The purpose of this investigation is to examine it's approach for tying JSF and AJAX together. Also of interest is their integration and support of jBPM, which we are integrating into the 1.4 release.
Seam builds on the EJB3 approach of using annotations to drive everything in an attempt to reduce the amount of XML configuration you need.
In some ways, in my opinion, this actually makes it harder to get an overview of the application as you have to view the source code to see if the class represents a bean and how it behaves. On the other hand, as a result the amount of code and configuration that has to be written is definitely reduced.
Seam has eliminated the need to configure all your managed beans by using annotations, a bean is simply annotated with
this, effectively creates a JSF managed bean called 'myBean', in Seam terms, it's called a component.
Injecting services is also handled using annotations. Seam intercepts each request to a component and injects any objects required as defined by the following annotation:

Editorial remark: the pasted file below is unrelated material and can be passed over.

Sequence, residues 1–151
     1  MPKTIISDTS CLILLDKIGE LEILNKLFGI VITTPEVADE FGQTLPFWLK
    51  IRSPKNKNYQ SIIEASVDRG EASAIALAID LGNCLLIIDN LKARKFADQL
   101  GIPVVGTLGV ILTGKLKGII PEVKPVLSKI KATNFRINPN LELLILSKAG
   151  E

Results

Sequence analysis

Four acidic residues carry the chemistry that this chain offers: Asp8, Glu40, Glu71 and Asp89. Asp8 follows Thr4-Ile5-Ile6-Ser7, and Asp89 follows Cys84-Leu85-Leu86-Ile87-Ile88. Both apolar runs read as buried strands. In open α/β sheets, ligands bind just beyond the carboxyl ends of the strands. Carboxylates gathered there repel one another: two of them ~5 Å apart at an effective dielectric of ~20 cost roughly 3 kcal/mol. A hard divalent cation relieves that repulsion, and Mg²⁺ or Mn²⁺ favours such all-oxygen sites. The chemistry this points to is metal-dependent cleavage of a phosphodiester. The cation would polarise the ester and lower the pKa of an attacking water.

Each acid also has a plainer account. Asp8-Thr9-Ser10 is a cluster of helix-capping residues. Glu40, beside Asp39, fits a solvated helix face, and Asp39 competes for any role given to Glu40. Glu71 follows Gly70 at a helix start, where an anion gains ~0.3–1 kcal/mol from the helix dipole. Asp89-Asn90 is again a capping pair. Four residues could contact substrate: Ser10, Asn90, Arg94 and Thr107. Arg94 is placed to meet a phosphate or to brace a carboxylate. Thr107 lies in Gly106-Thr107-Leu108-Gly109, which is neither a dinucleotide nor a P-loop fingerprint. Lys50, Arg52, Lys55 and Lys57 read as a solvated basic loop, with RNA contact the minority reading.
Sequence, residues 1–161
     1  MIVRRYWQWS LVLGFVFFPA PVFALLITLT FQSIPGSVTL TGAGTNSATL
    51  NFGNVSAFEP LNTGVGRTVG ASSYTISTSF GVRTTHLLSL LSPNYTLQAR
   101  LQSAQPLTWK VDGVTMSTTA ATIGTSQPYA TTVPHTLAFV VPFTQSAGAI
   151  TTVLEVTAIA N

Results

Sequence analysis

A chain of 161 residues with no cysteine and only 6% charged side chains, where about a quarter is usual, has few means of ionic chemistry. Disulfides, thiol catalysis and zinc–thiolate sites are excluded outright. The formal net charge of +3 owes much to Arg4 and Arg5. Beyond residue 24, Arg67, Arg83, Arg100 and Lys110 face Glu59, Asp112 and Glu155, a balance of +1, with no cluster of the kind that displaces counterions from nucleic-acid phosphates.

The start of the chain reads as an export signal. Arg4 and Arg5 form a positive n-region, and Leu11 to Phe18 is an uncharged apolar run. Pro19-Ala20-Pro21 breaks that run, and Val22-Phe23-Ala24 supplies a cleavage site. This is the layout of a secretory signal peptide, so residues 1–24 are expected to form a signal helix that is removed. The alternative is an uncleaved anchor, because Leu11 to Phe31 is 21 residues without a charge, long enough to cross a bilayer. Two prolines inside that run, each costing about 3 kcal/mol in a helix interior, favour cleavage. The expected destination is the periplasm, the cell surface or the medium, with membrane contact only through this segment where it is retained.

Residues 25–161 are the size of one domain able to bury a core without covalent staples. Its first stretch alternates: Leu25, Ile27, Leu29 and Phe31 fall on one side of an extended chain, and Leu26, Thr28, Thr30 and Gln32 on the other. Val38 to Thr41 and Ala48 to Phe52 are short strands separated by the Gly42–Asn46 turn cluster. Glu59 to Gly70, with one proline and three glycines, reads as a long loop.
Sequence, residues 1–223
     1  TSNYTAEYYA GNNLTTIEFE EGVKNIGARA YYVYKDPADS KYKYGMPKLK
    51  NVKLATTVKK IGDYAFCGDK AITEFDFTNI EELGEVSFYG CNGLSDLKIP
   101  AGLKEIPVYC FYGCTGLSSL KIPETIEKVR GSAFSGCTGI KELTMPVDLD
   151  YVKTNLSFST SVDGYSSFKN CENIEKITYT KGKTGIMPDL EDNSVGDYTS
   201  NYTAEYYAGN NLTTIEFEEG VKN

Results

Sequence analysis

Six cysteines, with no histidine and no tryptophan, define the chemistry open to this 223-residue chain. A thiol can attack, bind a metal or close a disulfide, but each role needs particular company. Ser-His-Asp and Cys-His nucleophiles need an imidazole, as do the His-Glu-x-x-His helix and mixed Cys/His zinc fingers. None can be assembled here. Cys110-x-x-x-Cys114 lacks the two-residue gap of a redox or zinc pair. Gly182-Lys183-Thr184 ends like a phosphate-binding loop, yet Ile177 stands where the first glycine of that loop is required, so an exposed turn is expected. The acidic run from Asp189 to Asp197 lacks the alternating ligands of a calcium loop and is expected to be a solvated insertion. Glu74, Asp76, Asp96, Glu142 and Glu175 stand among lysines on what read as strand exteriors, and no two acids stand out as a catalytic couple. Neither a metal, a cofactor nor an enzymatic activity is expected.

Seam, as you would expect, supports jBPM, it makes it fairly straight forward to write UI for process definitions and also allows process defintions to drive UI page flow.
To create an instance of a process definition a method only has to be annotated with
When this method is called the process definition called 'proc-def-name' is create. To start a task a method just has to be annotated with
and to finish a task a method can be annotated with
The JSF UI simply calls these methods using the standard method binding expression and Seam, behind the scenes, makes the necessary calls to manipulate the workflow and tasks.
Conversely, process definitions (slightly modified versions in terms of syntax) can be used to drive the UI. Transitions can be used to decide which page to go to next (via JSF binding expressions), effectively replacing JSF's navigation rules. Furthermore, actions can also be called from within the definition giving a nice separation of state and business logic.